Aluminum Association Responds to Delay in Preliminary Antidumping Decision in Chinese Aluminum Foil Investigation
ARLINGTON, VA -- The Aluminum Association responded today to the Commerce Department’s decision to defer a preliminary determination on whether imports of certain aluminum foil from China are being sold at less than fair value (or “dumped”) in the United States. The determination was originally slated to be announced on Thursday, October 5, but was delayed to allow the Commerce Department time to analyze information regarding China’s status as a non-market economy, which is being considered in the context of this investigation. The Commerce Department now expects to announce its preliminary antidumping decision no later than November 30, 2017.
“While a delay on an issue of this importance is disappointing, we understand and appreciate the Commerce Department’s decision,” said Heidi Brock, President & CEO of the Aluminum Association. “We remain very confident in the strength of our case and were heartened by the Commerce Department’s preliminary decision over the summer on countervailing duties. Ultimately, a positive outcome here will be good news for the U.S. aluminum foil industry which supports more than 20,000 total American jobs, and accounts for $6.8 billion in economic activity – not to mention the broader cause of enforcing a rules-based global trading system.”
In August, the Commerce Department announced a preliminary determination that imports of certain types of imported foil were benefiting from unfair subsidies provided by the Government of China. As a result of the preliminary subsidy decision, U.S. importers of aluminum foil from China are now required to deposit at the time of import estimated countervailing duties ranging from 16.56 to 80.97 percent of the value of the imported aluminum foil. The Commerce Department is investigating 26 different subsidy programs maintained by the Government of China.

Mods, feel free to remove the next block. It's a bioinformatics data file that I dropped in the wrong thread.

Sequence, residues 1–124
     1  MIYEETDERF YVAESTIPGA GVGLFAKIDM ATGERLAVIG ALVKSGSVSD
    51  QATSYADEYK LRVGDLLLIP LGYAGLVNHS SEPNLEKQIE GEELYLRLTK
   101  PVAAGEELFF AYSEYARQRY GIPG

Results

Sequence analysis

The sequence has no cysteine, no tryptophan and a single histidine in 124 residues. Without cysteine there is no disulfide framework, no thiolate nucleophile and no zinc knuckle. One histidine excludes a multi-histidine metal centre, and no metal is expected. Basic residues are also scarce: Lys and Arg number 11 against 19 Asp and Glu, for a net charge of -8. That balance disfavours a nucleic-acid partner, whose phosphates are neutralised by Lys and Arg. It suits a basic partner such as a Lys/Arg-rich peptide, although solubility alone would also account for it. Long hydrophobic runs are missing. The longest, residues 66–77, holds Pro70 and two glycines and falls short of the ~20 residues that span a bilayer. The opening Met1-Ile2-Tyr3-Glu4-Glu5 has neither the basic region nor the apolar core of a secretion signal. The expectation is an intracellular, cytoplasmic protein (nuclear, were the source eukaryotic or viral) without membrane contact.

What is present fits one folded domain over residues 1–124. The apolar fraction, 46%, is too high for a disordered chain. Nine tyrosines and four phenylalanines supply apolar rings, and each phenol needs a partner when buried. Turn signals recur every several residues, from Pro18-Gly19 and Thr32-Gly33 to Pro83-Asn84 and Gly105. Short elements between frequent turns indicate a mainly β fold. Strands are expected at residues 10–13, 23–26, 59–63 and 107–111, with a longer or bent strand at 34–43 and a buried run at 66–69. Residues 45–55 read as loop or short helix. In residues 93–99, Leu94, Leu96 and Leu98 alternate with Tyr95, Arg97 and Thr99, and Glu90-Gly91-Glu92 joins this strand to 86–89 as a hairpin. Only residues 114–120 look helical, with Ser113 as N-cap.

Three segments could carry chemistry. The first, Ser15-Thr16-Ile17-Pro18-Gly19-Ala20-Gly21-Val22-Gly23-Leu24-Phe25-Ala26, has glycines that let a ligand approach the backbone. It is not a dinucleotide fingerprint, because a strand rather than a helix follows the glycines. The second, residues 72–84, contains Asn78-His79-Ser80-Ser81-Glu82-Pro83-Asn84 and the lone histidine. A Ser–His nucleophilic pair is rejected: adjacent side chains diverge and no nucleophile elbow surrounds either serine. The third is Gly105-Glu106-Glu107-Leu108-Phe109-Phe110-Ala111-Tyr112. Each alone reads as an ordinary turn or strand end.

In March of this year, the Aluminum Association’s Trade Enforcement Working Group filed an antidumping and countervailing duty (AD/CVD) petition on behalf of domestic foil producers. This was the first unfair trade case filed by the Aluminum Association in its near 85-year history.
The aluminum industry supports the Commerce Department’s current position maintaining China’s treatment as a non-market economy under the U.S. unfair trade laws and encourages a continuation of that policy. In recent comments submitted to the U.S. Trade Representative, the Aluminum Association noted that “China’s state-controlled economy does not meet the basic requirements set forth by the Department of Commerce for a market economy, and the Chinese economy continues to meet the definition of a ‘non-market economy’ for purposes of the U.S. antidumping law.”
The Aluminum Association is also a member, along with representatives from the steel, textile, chemical and other industries of the Manufacturers for Trade Enforcement coalition, which also favors continuing the policy. China has not proven that it operates as a market economy. Granting market economy status prematurely would remove a key tool for industries seeking relief from unfair trade practices.
About the Aluminum Association
The Aluminum Association represents aluminum production and jobs in the United States, ranging from primary production to value added products to recycling, as well as suppliers to the industry. The Association is the industry’s leading voice, providing global standards, business intelligence, sustainability research and industry expertise to member companies, policymakers and the general public. The aluminum industry helps manufacturers produce sustainable and innovative products, including more fuel efficient vehicles, recyclable packaging, greener buildings and modern electronics. In the U.S., the aluminum industry creates $186 billion in economic activity. For more information visit www.Aluminum.org, on Twitter @AluminumNews or at Facebook.com/AluminumAssociation.